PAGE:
From cyber-espionage networks, to Conficker, to the threat posed by social media sites and mobile phones — if businesses could just keep their machines patched, hackers wouldn’t be so successful, says Sophos CEO Steve Munford. Here’s an edited version of what he had to tell ITBusiness.ca. You can also watch the video for the full scoop.
VIDEO – Interview with Sophos CEO, Steve Munford
Social engineering seems to be favoured hacker method today. Security researchers here in Toronto recently unveiled GhostNet, a cyber-espionage network that had put Trojans on some very high-value targets around the world, including in the Dalai Lama’s office. To get this done, they executed very well-targeted spear phishing attacks – for example, sending what looked like a letter supporting the Tibetan resistance movement to the Dalai Lama’s office. What defence is there against such well-planned attacks?
Social engineering really has been part of attacks for quite some time now. If you look at viruses spread over e-mail, a lot of them are “click here to receive an offer” or “click here to receive the latest Britney Spears pictures” or “click here to make lots of money.” We have a saying that people will continue to do stupid things for sex and money.
Social engineering to get pay loads into the company is nothing new. But social engineering is getting increasingly sophisticated. The tools these organizations deploy, and the resources they have to build those tools are quite extensive. It really does point to larger organizations being behind malware creation than we’ve seen historically. Now for a corporation, you boil that down to a couple of different vectors. Unfortunately there’s no one-size-fits-all solution.
On one hand, you have to educate IT users to understand practices out there and be more cautious. That’s the first step, but certainly not the last. It comes down to having a holistic view of security, and that starts with making sure your network and your machines are compliant. I think that’s where organizations are [failing] today. They deploy a lot of products and think by [doing that], they solve a problem.
But our surveys [show] up to 70 per cent of the machines in a corporate network are not patched or configured to the security policies of the corporation. So it’s about having a tool and a process to monitor the status of machines on my network to ensure they are properly compliant.
Lastly, it’s about having systems and process to mediate that. If something does get attacked, then how do I minimize the impact? That’s where data security comes in, where it’s about encrypting your data and protecting it, so even if someone gets into your network, your data won’t be exposed.
It sounds like you almost need to have the mindset that you will be breached, and take the appropriate precautions.
You always have to assume the worst case scenario. Recently, security news hasn’t been much of a headline topic. It’s been in the IT publications, but you never saw it in the Wall Street Journal, or the Globe and Mail, or the New York Times. But with things like Conficker and the incident that the University of Toronto uncovered, it’s back in the headlines.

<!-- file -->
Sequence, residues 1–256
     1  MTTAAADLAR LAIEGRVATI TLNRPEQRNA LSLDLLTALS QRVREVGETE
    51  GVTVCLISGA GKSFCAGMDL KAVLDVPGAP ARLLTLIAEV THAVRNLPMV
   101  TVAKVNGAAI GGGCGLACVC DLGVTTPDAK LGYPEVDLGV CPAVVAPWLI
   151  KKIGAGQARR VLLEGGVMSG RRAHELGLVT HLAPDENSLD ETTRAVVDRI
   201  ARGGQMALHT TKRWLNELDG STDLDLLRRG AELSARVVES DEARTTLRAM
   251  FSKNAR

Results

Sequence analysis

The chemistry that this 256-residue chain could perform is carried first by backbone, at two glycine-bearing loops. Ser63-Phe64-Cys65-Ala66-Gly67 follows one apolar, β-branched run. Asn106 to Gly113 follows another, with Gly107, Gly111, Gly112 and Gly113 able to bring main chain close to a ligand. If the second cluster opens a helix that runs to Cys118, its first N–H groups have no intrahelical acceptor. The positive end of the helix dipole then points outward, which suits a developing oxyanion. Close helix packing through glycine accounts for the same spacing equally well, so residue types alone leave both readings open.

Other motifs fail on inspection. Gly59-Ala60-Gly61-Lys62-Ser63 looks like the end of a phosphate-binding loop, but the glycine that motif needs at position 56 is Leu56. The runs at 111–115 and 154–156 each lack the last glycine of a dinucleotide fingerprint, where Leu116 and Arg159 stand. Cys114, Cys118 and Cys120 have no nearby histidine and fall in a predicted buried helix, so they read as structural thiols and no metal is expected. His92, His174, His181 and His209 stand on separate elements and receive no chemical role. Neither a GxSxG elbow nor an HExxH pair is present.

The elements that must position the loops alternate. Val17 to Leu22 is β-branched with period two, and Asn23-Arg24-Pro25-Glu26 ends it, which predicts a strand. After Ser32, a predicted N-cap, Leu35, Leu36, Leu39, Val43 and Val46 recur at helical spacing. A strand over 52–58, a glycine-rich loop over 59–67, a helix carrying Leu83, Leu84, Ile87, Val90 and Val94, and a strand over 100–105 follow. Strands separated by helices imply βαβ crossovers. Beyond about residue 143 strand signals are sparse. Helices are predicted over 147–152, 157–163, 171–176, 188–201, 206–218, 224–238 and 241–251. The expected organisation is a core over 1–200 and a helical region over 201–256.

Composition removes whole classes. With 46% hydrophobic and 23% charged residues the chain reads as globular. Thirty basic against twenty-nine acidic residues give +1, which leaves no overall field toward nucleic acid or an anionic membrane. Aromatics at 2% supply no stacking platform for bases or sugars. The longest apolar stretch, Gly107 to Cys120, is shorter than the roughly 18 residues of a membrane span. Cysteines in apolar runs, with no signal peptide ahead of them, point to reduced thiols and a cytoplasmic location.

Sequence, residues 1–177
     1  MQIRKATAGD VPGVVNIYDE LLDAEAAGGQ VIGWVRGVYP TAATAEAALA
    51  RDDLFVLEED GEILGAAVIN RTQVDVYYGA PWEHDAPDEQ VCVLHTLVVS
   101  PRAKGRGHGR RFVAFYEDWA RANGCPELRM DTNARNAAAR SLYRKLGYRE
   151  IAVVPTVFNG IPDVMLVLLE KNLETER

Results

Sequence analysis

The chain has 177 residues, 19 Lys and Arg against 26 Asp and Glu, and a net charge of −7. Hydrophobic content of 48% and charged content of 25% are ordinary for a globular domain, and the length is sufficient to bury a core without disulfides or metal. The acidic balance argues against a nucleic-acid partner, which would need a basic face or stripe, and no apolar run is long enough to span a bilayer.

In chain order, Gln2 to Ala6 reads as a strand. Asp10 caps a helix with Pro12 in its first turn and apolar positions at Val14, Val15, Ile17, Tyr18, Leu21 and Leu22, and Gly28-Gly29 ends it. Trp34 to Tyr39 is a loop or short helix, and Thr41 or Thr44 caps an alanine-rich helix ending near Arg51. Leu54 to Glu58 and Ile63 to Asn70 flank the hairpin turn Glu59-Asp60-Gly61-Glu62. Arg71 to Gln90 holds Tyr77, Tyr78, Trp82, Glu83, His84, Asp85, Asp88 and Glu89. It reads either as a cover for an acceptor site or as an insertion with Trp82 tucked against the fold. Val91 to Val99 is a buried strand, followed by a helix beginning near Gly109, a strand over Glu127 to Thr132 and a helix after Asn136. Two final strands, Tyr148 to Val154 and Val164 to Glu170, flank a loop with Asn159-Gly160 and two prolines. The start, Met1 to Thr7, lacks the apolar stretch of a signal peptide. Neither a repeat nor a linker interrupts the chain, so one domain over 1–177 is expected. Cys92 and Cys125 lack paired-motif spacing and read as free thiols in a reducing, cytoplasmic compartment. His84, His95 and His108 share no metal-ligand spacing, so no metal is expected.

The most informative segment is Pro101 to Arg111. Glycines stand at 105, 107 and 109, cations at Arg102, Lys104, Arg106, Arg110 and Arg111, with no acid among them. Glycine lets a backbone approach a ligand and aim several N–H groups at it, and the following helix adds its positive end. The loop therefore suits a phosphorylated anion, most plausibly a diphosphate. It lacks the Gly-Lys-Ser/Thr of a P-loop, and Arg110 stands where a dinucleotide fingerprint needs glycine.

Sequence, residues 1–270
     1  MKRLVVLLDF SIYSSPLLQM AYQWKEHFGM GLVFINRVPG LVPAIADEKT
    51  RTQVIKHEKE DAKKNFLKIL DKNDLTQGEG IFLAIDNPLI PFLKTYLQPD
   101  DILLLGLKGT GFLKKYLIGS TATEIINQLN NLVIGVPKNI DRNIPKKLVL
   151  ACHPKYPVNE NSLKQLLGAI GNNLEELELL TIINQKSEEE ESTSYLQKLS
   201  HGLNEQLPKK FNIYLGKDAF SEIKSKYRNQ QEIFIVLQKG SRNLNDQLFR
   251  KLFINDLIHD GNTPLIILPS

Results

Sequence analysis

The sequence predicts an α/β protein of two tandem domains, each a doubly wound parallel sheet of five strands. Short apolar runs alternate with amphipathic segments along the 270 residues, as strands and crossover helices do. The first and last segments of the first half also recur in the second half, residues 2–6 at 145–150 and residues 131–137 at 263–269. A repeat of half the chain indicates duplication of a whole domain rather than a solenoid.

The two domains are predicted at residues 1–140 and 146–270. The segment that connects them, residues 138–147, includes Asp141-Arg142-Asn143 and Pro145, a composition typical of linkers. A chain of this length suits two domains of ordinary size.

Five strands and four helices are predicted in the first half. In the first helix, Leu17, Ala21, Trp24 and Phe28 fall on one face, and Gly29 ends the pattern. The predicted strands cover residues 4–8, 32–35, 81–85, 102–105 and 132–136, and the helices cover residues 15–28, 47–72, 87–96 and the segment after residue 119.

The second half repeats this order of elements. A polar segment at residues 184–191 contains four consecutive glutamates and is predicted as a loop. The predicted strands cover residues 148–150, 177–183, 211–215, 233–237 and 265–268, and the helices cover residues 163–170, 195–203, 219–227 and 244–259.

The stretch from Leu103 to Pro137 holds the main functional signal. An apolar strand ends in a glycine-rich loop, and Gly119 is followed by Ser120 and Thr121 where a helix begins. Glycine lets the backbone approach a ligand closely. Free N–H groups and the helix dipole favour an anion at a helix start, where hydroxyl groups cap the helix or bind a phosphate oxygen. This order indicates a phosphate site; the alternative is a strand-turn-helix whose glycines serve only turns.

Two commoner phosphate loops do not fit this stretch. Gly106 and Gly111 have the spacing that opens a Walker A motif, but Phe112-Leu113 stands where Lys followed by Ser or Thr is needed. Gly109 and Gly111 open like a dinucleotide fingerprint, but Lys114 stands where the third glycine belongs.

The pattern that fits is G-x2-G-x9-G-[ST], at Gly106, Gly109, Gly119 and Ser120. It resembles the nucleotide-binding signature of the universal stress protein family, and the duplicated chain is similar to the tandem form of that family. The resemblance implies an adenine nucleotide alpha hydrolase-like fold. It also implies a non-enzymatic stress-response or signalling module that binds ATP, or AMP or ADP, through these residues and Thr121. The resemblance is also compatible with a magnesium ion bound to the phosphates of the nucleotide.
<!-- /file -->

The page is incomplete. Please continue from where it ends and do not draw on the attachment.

So that tells us that corporations can’t assume they’ll never get exposed. But what is their backup plan if they do get exposed? They have to make sure they have one.
Conficker was unique in that it exploited the Windows Server rather than trying to fool end-users. What are the implications of this worm-style of attack, and can we expect to see more of it? What other vectors of attack should businesses be wary of?
I never like to predict the next attack vector. If I could do that, then we would be well ahead of things. Overall, you would just be proven wrong.
What I think we’ll continue to see are sophisticated attack vectors that change rapidly. What made Conficker so difficult was it was a piece of malware that was constantly changing, and very difficult to detect and stop [for that reason].
What Conficker shows us goes back to my first point. Conficker didn’t infect you if you were properly patched. Conficker didn’t hurt you if you had proper password controls, it had a lot of issues with the password side. So if your network was properly maintained, you would’ve been OK. It really attacked some vulnerabilities within the network.
I think we’ll continue to see attacks such as Conficker, but think we’ll start to see attacks on mobile platforms. People are taking advantage of new technology and technology being used by the Web 2.0 generation.
So do you think we’ll see more viruses attacking mobile phones, or phishing attacks on social networks?
In the past, we heard a lot of talk about viruses attacking mobile phones. The reality is the mobile environment has been a very hard one to write viruses for because of all the different operating systems and complexity. Secondly, all the data that’s been on mobile devices hasn’t really been worthwhile to attack and get at.
It’s safe to assume that as you get more and more common platforms that are extensible and more of these mobility tools get attached to the corporate network, they’re going to become more of an attractive target for attack vectors. Historically, it’s been Windows that is the common platform that’s become the easiest place to attack. We’ve seen people dabbling in the Macintosh platform because it’s a way of getting into the Windows environment. But I think more of these mobile platforms will come into play.
As far as social media sites go, they do provide a way for people to potentially get you to do something that will then bring a payload into the organization.